Hey, I'm not saying that I buy into this line of thought 100%, but my point is that audio testing is not nearly as black-and-white a process as, say, comparing color swatches or mass-densities of other types of subject matter. On this point, Tyll is right and Aczel was clearly wrong. Even Floyd, whom I believe is one of our best minds in this field, approaches these issues from his own perspective, even if that perspective is based in empirical observations, rather than training in the scientific method. (I'm sure that he, like I, is greatly influenced by his background in physics.) But we can all learn from those who view subtle issues from different perspectives. "From the mouths of babes" & all that. Tyll is absolutely right about nobody having all the answers.

Anyway, look at that -- I did ramble on for thousands of words after all. Sigh. The real reason I wanted to reply is to thank Tyll for posting the Floyd video and for addressing the issues that Toole raises in a way that encourages the rest of us to brainstorm in a civil manner. In my opinion, the real weakness of people like Aczel, and the reason why The Audio Critic was a commercial failure for so many years, is that Aczel, regardless of whether he was right or wrong (and, in retrospect, it's obvious now that he was wrong a lot of the time), he was abusive to anybody he felt did not have the credentials to challenge whatever happened to be his current position at the time. (I gather that this curmudgeonly persona was deliberately constructed in order to make the magazine more "compelling.") Nobody learns from being dictated to, even if the dictator is parroting some of the best minds of the time. What Tyll is doing here is more intelligent, respectful, mature, and IMO successful. Good going, guy!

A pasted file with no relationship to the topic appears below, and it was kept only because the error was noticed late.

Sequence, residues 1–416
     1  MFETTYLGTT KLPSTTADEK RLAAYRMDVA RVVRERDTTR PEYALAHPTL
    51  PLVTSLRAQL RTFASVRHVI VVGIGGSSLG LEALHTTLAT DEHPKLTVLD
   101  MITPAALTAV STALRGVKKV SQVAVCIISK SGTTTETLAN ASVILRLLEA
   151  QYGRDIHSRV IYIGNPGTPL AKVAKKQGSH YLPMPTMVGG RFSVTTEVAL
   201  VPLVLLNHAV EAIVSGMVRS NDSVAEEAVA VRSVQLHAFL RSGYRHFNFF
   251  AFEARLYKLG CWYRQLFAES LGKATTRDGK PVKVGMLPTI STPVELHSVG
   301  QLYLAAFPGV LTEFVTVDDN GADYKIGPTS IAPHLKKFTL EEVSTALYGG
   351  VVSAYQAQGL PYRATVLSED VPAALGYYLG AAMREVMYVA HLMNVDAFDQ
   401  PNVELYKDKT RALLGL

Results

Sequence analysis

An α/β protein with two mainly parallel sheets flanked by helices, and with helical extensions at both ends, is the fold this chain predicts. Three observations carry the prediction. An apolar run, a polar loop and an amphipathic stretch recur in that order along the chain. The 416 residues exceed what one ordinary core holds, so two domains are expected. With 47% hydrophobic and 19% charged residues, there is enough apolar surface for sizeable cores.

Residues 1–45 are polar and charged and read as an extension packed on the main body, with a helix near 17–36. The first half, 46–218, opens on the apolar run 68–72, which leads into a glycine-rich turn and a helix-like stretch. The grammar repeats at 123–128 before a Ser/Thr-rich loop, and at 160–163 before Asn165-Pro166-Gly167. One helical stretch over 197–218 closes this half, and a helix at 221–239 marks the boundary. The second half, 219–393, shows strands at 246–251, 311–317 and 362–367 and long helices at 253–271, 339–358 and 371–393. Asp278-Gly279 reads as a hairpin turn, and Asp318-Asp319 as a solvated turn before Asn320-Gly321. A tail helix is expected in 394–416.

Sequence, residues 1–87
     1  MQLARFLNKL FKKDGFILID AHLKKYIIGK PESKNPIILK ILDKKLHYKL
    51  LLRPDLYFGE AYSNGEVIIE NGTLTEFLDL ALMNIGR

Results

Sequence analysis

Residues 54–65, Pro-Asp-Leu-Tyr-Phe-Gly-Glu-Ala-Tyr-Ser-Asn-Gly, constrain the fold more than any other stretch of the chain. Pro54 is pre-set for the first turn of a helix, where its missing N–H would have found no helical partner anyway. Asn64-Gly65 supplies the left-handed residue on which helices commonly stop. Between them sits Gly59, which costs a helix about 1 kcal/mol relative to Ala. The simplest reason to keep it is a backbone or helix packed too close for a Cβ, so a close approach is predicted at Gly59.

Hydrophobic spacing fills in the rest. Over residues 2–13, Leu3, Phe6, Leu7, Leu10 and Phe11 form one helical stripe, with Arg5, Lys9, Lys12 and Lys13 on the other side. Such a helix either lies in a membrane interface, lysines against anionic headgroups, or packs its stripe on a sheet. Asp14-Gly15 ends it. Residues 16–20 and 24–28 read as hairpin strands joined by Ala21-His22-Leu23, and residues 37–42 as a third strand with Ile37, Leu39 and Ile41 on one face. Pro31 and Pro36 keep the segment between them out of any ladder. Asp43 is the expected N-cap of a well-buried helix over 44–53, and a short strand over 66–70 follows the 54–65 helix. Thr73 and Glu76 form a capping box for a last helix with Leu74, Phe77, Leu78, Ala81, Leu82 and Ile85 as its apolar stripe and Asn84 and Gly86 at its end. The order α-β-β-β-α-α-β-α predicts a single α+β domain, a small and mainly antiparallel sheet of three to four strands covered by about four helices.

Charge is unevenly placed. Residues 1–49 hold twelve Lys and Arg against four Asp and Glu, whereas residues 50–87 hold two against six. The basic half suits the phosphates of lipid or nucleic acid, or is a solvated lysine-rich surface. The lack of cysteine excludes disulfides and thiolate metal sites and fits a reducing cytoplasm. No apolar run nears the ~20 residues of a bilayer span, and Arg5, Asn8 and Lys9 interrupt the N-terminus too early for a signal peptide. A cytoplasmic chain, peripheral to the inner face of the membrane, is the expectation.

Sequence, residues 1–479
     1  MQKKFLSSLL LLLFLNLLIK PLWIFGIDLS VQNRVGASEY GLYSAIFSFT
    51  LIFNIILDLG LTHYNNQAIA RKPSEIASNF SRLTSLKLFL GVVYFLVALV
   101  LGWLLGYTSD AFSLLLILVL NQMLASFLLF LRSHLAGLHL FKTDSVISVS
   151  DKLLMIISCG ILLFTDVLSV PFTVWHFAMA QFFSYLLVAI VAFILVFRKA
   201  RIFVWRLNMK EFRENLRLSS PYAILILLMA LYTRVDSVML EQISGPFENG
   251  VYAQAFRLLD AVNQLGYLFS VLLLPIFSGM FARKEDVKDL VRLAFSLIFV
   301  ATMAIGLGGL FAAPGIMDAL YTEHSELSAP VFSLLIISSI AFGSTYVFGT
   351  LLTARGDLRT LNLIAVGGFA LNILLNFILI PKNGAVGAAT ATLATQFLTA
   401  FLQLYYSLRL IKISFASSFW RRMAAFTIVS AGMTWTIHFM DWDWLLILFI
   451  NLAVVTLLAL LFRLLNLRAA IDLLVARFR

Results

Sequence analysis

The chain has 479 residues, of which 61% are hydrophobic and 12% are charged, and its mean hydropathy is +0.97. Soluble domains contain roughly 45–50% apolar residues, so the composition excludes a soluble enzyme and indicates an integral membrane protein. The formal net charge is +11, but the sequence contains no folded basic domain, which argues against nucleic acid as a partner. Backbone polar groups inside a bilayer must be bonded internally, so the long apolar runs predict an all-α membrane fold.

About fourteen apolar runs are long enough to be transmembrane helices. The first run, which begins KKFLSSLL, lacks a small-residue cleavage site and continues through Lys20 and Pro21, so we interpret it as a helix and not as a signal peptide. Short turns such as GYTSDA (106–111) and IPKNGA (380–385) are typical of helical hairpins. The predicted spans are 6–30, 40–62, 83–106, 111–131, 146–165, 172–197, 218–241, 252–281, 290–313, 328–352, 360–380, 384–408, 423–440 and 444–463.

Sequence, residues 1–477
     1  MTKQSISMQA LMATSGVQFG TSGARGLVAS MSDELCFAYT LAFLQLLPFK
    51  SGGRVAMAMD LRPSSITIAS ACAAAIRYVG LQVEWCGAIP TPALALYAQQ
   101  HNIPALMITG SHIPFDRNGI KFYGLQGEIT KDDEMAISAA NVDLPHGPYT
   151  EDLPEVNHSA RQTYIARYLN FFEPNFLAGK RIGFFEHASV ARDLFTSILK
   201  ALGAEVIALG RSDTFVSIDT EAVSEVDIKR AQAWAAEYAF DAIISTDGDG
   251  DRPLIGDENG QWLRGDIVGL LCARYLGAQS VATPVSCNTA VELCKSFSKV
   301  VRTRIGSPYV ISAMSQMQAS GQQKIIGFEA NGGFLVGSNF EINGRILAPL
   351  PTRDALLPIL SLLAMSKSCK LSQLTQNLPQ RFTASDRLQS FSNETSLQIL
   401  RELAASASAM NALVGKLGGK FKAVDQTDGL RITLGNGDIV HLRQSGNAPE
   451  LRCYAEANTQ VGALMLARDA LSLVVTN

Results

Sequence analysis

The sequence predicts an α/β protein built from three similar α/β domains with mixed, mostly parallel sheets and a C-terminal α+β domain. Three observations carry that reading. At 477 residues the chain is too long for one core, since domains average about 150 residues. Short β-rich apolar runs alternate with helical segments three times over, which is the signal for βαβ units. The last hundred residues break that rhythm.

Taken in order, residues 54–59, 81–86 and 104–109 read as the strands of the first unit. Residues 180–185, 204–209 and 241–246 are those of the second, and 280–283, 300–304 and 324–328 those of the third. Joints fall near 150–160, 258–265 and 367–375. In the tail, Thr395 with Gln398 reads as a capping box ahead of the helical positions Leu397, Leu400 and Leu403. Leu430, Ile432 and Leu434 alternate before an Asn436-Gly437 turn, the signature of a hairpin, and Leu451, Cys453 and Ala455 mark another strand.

I could write thousands more words on each of the topics enumerated above, but jeezus, even if I had the time to do so, who would have the time or patience to read them? Maybe some day, Tyll, we'll talk on the phone.

place1234's picture

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wormcycle's picture

The dilemma of doing a full scientific evaluation, or not at all, has its equivalent in the world of system testing, and it is resolved using what we call "risk based testing". Risk based testing attributes are:
1. It's time boxed 2. It has a fixed cost 3. It is based on risk evaluation 4. It attempts to address the highest risk first.

I am a music lover and like good equipment, and I know next to nothing about headphone design and acoustics, but the comments from cundare tell me that similar approach could be used here. If, for example, blind testing is almost as good as double blind testing I assume that sound engineers and experienced reviewers can come up with a "good enough" evaluation criteria that would eliminate the most obvious bias. That's still would be 100% better than what Audiostream is doing.

Irfan Ali's picture

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SyedAli's picture